The Weight of Glory: Part 3, The Objectivity of Faith

The obvious rebuttal to the argument from desire is the Freudian one, that our romantic longings for God and heaven are defense mechanisms that assuage existential terror and despair. In short, when we use a hermeneutics of suspicion, can these feelings be trusted?

Lewis offers a response in "The Weight of Glory" to this line of objection. Describing the revelatory authority of the Bible, Lewis writes:
The natural appeal of this authority is to me, at first, very small. At first sight it chills, rather than awakes, my desire. If Christianity could tell me no more of the far-off land than my own temperament led me to surmise already, then Christianity would be no higher than myself. If it has more to give me, I expect it to be less immediately attractive than "my own stuff"... If our religion is something objective, then we must never avert our eyes from those elements in it which seem puzzling or repellent which conceals what we do not yet know and need to know.
Basically, anyone who criticizes faith on the grounds that faith is a warm, cozy blanket or an existential narcotic in the face of a cold, indifferent cosmos, doesn't know jack about what faith actually feels like.

True, there are believers who seem to always exist is a state of bliss, hope, peace, and consolation. For these people, everything is "blessed." But the norm for faith is far different.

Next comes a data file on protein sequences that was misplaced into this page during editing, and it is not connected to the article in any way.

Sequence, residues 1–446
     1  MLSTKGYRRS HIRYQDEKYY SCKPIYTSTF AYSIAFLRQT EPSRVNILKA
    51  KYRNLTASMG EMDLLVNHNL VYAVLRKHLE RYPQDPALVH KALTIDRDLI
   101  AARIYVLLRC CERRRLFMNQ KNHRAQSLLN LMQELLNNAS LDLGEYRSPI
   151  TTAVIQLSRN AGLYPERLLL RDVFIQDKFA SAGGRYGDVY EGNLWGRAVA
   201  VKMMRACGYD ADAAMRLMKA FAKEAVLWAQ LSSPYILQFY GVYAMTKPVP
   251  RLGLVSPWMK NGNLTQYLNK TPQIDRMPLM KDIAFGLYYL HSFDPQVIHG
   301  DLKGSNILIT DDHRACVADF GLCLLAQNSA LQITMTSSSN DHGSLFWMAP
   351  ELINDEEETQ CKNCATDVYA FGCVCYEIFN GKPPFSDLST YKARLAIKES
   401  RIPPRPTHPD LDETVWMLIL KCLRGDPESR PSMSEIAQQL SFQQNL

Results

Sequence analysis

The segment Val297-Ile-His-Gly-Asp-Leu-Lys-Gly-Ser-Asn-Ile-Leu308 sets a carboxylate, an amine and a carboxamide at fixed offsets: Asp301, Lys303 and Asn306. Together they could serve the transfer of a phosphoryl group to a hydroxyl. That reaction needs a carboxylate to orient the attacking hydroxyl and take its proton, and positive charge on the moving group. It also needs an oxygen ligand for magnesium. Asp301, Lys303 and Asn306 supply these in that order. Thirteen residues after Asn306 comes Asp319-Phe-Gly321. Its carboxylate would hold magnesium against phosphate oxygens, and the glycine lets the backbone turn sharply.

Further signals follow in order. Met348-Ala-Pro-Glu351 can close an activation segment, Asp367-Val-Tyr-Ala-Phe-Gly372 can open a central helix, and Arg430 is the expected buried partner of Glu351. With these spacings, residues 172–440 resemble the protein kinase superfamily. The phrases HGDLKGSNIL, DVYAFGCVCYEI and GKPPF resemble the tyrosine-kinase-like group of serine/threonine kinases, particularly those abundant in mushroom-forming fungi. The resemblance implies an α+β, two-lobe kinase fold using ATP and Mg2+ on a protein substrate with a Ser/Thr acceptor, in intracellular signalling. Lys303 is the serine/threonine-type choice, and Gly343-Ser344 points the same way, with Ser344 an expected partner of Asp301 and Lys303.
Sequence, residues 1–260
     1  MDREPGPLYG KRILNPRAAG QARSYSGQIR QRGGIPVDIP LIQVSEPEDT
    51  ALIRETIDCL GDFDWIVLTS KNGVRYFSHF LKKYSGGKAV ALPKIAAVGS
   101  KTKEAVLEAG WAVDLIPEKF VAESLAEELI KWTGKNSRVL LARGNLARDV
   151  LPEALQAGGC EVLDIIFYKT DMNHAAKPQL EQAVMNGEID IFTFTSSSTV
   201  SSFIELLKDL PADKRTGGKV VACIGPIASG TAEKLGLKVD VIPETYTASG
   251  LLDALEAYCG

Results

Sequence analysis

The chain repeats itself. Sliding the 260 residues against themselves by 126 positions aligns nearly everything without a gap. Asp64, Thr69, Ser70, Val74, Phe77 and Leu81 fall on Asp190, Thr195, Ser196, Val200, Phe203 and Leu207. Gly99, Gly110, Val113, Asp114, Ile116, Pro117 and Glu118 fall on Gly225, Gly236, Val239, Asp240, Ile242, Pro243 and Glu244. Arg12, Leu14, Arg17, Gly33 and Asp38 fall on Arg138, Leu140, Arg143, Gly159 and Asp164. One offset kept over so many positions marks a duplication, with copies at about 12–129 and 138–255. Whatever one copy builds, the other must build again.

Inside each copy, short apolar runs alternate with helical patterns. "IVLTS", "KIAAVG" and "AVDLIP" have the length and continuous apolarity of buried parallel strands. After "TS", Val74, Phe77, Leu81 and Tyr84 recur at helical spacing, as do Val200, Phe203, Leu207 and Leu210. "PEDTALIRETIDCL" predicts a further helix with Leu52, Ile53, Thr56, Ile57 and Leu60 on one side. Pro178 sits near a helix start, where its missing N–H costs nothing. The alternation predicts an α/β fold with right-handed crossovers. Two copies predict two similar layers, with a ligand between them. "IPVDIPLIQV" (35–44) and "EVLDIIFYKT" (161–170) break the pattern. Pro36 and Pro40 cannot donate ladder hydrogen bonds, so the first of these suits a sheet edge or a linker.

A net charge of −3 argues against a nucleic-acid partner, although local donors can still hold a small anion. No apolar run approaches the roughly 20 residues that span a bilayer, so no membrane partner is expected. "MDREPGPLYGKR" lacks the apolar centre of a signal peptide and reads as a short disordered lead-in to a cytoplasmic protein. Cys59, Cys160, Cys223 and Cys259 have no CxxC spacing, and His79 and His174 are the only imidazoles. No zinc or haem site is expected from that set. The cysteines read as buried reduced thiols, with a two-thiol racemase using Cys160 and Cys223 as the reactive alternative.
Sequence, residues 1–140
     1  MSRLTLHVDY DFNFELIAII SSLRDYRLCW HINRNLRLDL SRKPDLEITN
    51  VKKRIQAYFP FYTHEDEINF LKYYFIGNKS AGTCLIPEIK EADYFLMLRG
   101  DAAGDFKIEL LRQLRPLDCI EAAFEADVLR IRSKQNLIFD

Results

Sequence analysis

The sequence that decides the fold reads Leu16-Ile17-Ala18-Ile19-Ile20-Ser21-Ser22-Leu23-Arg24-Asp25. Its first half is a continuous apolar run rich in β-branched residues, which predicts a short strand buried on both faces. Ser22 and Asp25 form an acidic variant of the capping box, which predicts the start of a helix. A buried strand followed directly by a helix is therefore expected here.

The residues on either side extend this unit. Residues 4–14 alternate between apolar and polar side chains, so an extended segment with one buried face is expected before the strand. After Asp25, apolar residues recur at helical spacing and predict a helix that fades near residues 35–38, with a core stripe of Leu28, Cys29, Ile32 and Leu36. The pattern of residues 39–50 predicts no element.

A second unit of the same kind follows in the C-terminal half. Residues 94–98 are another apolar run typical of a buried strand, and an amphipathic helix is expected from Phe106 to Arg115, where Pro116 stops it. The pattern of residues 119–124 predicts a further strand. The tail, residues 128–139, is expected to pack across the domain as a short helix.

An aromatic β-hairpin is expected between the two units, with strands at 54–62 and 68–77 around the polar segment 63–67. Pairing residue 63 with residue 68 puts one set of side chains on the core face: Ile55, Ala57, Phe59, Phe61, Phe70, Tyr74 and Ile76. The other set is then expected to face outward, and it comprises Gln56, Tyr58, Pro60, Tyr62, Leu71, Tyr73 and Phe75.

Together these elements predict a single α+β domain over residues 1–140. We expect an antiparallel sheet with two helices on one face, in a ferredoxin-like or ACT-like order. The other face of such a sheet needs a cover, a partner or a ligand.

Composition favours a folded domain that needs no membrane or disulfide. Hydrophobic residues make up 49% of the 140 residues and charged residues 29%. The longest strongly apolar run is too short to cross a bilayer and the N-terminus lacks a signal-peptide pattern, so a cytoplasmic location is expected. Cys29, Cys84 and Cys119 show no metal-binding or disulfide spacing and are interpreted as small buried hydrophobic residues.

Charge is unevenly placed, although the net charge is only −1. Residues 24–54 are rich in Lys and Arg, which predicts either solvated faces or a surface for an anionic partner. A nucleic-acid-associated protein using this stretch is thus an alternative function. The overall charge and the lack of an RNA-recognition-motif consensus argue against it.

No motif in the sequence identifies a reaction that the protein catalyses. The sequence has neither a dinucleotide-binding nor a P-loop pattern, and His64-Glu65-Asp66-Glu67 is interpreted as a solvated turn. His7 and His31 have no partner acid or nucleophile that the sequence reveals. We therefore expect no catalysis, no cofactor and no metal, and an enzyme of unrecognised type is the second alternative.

The name "Israel" is apt for the people of God. We aren't consoled by God as much as we wrestle with God. Faith is a struggle. As Lewis points out, faith isn't narcissistic, a mirror reflecting back my desires and dreams. Faith is, rather, a smack upside the head and a douse of cold water. Faith is hard, it's unsettling and upsetting. And during dark nights of the soul, faith is pain and suffering. There are many days when faith feels like a curse.

And as Lewis notes, this is where we encounter the objectivity of faith. Not objective like a rock or tree is objective, but objective in the sense that faith is an encounter with a reality separate and external to my own subjective longings. I am bumping into something beyond myself, something that is simply given that I cannot modify and can only discover and explore. Faith is objective in that I'm decidedly not making God into my own image. Rather, my image is being challenged, criticized, undermined, and being remade. And little of that experience is very fun or consoling.

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